From a special Defense Department briefing yesterday by phone from Skopje, Macedonia, with Brig. Gen. John Craddock, commander of the U.S. peacekeeping force in Kosovo:

Q: General . . . what instructions do your soldiers have when they encounter armed KLA? We've seen some reports that at least one checkpoint one of your soldiers asked the KLA for their Kalashnikovs [rifles] and received them. Is that their standard instruction, to disarm them of small arms as well? . . .

Gen. Craddock: With regard to the KLA, we do not have an agreement in place at this time, but we expect one very, very soon. . . . I think that we approach it in a fair and evenhanded manner in that we will assess each situation. You know, our soldiers are not instructed to routinely disarm. However, we have got to make sure that we defuse potentially explosive situations. We don't want armed KLA in proximity of withdrawing Serbs. So we assess the situation.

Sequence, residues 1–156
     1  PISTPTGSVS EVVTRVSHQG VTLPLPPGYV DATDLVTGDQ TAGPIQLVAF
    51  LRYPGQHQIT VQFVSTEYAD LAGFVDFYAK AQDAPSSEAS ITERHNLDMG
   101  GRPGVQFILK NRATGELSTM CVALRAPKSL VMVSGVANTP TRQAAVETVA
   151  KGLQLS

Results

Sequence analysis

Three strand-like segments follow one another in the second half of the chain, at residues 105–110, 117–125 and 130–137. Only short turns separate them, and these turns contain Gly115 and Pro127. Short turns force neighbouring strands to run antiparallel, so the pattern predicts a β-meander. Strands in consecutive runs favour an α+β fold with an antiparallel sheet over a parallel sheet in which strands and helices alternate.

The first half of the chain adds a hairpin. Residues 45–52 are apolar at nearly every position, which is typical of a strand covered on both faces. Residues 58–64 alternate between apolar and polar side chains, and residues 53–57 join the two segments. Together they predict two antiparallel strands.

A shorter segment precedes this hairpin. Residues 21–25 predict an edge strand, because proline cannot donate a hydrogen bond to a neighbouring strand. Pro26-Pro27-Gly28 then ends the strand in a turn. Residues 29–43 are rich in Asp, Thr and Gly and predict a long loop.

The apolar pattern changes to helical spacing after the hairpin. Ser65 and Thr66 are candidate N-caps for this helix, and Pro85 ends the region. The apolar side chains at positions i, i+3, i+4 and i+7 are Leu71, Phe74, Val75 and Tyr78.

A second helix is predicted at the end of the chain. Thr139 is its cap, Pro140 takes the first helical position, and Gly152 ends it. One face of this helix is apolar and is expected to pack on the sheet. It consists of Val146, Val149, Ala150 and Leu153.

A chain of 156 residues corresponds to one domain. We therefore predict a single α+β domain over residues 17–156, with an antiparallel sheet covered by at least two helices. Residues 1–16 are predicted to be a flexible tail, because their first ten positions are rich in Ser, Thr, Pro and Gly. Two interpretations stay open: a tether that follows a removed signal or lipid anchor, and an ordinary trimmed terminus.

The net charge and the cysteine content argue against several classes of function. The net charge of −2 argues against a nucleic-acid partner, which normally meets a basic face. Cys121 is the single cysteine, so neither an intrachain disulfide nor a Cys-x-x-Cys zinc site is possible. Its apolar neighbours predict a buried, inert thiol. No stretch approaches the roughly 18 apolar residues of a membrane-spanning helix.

When that occurs, our soldiers will intervene and ask KLA to back off, because we have designated routes of withdrawal for the Serbs. And if they comply, then they go about their way. If not and if they are, in the assessment of the soldier, the leader at that location, a threat to good order and discipline, and knowing that they have law enforcement establishment requirements, then they are instructed to -- in their judgment, if needed -- disarm the individual. Whether it be a Serb, a KLA, whoever, we cannot, with any possibility of hostile acts or hostile intent, let the situation go unchecked.